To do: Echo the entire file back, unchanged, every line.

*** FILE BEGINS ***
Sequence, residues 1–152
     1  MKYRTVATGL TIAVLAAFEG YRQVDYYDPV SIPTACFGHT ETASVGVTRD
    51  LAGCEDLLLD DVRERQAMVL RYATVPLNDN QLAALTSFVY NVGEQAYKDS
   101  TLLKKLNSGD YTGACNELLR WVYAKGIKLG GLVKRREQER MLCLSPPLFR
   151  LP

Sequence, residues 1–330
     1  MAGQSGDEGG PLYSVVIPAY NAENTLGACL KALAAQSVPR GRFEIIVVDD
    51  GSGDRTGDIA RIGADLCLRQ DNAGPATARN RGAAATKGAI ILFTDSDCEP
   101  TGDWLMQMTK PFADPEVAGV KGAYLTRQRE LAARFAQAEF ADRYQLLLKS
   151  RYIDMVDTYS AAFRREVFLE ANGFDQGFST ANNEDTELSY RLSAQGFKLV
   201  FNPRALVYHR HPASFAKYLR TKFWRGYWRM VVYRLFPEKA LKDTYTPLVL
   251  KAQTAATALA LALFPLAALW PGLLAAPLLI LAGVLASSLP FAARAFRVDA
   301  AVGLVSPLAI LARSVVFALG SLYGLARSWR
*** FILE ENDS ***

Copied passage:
Sequence, residues 1–152
     1  MKYRTVATGL TIAVLAAFEG YRQVDYYDPV SIPTACFGHT ETASVGVTRD
    51  LAGCEDLLLD DVRERQAMVL RYATVPLNDN QLAALTSFVY NVGEQAYKDS
   101  TLLKKLNSGD YTGACNELLR WVYAKGIKLG GLVKRREQER MLCLSPPLFR
   151  LP

Sequence, residues 1–330
     1  MAGQSGDEGG PLYSVVIPAY NAENTLGACL KALAAQSVPR GRFEIIVVDD
    51  GSGDRTGDIA RIGADLCLRQ DNAGPATARN RGAAATKGAI ILFTDSDCEP
   101  TGDWLMQMTK PFADPEVAGV KGAYLTRQRE LAARFAQAEF ADRYQLLLKS
   151  RYIDMVDTYS AAFRREVFLE ANGFDQGFST ANNEDTELSY RLSAQGFKLV
   201  FNPRALVYHR HPASFAKYLR TKFWRGYWRM VVYRLFPEKA LKDTYTPLVL
   251  KAQTAATALA LALFPLAALW PGLLAAPLLI LAGVLASSLP FAARAFRVDA
   301  AVGLVSPLAI LARSVVFALG SLYGLARSWR